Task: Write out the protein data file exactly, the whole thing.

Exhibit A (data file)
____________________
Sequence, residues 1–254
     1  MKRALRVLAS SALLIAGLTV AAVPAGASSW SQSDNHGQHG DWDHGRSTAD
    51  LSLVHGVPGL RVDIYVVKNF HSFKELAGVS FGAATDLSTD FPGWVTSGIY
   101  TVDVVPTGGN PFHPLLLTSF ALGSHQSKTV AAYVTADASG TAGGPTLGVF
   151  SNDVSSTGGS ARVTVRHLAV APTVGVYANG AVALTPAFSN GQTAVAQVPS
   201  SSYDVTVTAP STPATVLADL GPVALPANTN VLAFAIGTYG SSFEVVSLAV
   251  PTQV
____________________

Sequence, residues 1–254
     1  MKRALRVLAS SALLIAGLTV AAVPAGASSW SQSDNHGQHG DWDHGRSTAD
    51  LSLVHGVPGL RVDIYVVKNF HSFKELAGVS FGAATDLSTD FPGWVTSGIY
   101  TVDVVPTGGN PFHPLLLTSF ALGSHQSKTV AAYVTADASG TAGGPTLGVF
   151  SNDVSSTGGS ARVTVRHLAV APTVGVYANG AVALTPAFSN GQTAVAQVPS
   201  SSYDVTVTAP STPATVLADL GPVALPANTN VLAFAIGTYG SSFEVVSLAV
   251  PTQV